I have been fascinated by your account of the Eucharistic miracles of Buenos Aires and Poland. What is the connection between these and the miracle of Lanciano in Italy?
The common thread in these Eucharistic miracles, as well as in the many others that have taken place throughout the centuries, is the fact that a consecrated host has changed into recognisable features of human tissue and sometimes blood.
We know that after the consecration in the Mass, when the priest pronounces the words of Christ on instituting the Eucharist, the host becomes the Body of Christ and the wine becomes his Blood.
We don’t see the Body or Blood, because they continue to have the characteristics of bread and wine, but we know by faith that they are there.
Occasionally, sometimes to shore up the faith of people who doubted his Real Presence, Our Lord has performed a miracle to make clear that the Eucharist is truly his Body and Blood.
In recent decades, some of these miracles have been subjected to scientific examinations which have resulted in extraordinary findings.
Such is the case with the miracles of Buenos Aires in 1996, Poland in 2008, and even the 8th century miracle of Lanciano.
The first great Eucharistic miracle was that of Lanciano, the ancient Italian city of Anxanum.
It took place in 750AD in the church of St Legontian when a Brazilian monk doubted the Real Presence of Christ in the Eucharist.
After he had consecrated the Body and Blood of Our Lord, the host was suddenly changed into physical flesh and the consecrated wine into physical blood, which coagulated into five globules of different shapes and sizes.
They are still on display in Lanciano, even though almost 1,300 years have passed since they first appeared.
In 1971, the flesh and blood were examined scientifically by Dr Odoardo Linoli, Professor of Anatomy and Pathological Histology and of Chemistry and Clinical Microscopy at the Arezzo Hospital.
He was assisted by Dr Ruggero Bertelli, retired Professor of Anatomy at the University of Siena.
Their findings were truly extraordinary, and similar to the findings in the miracles of Buenos Aires and Poland.
The flesh was identified under a microscope as human flesh from the left ventricle of the heart, showing clearly the myocardium, the endocardium and the vagus nerve.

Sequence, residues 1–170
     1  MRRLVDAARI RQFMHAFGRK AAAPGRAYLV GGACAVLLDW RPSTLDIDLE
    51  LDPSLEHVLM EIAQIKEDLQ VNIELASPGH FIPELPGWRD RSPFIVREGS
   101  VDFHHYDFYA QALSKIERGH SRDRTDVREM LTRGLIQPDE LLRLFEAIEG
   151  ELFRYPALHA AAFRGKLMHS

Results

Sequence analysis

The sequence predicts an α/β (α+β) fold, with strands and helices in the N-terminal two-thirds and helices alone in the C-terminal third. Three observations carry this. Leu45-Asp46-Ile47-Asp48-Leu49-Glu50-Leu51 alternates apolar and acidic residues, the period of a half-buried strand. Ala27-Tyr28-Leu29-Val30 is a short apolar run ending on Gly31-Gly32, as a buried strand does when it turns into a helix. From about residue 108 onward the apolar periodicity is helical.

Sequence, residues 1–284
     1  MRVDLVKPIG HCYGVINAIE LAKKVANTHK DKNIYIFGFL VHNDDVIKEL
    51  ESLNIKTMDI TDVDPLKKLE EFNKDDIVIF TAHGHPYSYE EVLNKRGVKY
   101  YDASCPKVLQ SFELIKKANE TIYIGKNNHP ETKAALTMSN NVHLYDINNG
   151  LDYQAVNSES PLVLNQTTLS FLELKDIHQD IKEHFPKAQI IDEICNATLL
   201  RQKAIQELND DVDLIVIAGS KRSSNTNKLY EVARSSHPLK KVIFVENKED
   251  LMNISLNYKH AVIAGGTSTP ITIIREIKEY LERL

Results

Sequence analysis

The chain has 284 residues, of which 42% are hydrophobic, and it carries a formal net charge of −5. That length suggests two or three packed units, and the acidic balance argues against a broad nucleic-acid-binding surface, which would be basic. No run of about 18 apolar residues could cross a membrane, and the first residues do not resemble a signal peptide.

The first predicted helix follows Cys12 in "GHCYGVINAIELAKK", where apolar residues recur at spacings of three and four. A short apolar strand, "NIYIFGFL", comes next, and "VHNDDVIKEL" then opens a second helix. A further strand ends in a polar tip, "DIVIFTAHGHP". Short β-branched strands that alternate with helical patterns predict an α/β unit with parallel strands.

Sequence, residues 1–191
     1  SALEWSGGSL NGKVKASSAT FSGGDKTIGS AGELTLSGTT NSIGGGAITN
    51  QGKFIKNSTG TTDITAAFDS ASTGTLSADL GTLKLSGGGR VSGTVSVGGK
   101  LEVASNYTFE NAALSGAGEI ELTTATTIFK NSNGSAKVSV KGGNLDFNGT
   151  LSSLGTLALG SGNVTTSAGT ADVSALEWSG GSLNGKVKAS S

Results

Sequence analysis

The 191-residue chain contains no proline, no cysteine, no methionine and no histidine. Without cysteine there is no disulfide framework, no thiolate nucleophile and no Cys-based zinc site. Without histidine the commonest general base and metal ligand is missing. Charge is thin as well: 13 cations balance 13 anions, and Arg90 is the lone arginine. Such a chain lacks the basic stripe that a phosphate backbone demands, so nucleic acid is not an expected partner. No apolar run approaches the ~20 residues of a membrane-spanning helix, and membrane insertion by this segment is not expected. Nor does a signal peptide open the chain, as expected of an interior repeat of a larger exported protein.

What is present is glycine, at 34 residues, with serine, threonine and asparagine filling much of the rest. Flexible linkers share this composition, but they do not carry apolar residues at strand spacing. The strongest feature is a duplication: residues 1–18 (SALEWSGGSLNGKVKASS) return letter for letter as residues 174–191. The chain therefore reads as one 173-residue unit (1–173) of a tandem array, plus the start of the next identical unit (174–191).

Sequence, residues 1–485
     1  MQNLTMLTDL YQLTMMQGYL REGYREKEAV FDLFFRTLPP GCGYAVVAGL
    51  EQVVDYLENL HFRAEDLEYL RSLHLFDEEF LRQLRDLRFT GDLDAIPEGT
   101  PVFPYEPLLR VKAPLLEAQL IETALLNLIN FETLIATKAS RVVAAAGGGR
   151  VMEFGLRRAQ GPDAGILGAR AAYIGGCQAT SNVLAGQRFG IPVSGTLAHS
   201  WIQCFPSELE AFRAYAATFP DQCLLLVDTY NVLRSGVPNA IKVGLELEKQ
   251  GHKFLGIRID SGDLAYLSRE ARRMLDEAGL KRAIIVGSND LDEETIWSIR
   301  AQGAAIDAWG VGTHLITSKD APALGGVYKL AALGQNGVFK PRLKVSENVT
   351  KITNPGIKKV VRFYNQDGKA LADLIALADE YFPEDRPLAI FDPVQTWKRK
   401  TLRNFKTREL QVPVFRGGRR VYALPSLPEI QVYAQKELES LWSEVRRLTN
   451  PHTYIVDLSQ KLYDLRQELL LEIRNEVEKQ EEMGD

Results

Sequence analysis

What is more, Professor Linoli was amazed at the evenness of the slice of tissue he was examining.
He commented that only a highly skilled hand in dissection could have obtained such an “even and continuous” slice of heart tissue.
This is especially intriguing if one takes into account that the first anatomical dissections reported in the medical literature took place only after the 1300s, some 600 years after the miracle.
The blood was of type AB, the rarest blood type, which is found more commonly in the region around the Mediterranean.
In Italy, between 0.5 per cent and one per cent of all people have type AB blood, whereas in Israel and the Middle East the percentage is between 14 and 15.
The blood in the sample of flesh was also of type AB.
Significantly, this is the same blood type identified in the Shroud of Turin.
What is more, the proteins in the blood sample were in the same proportions as in fresh normal blood.
One of the experiments conducted on the blood sample involved liquefying it and studying its capillary properties; that is, the rate at which it climbs a narrow tube. Professor Linoli found that the capillary properties matched exactly those of human blood taken from a man that very day.
The fact that the flesh and blood have been preserved for almost 13 centuries even though exposed to the action of atmospheric and biological agents, and without any preservative, is itself a miracle.
Professor Linoli’s findings were published in Quaderni Sclavo di Diagnostica Clinica e di Laboratori in 1971. In 1973, the Higher Council of the World Health Organisation appointed a scientific commission to investigate Professor Linoli’s findings.
After 500 examinations, carried out over 15 months, the commission confirmed the earlier findings.
These miracles and the scientific evidence that supports them can help to reaffirm our faith that the Eucharist is truly the Body and Blood of Our Lord at a time when many doubt it.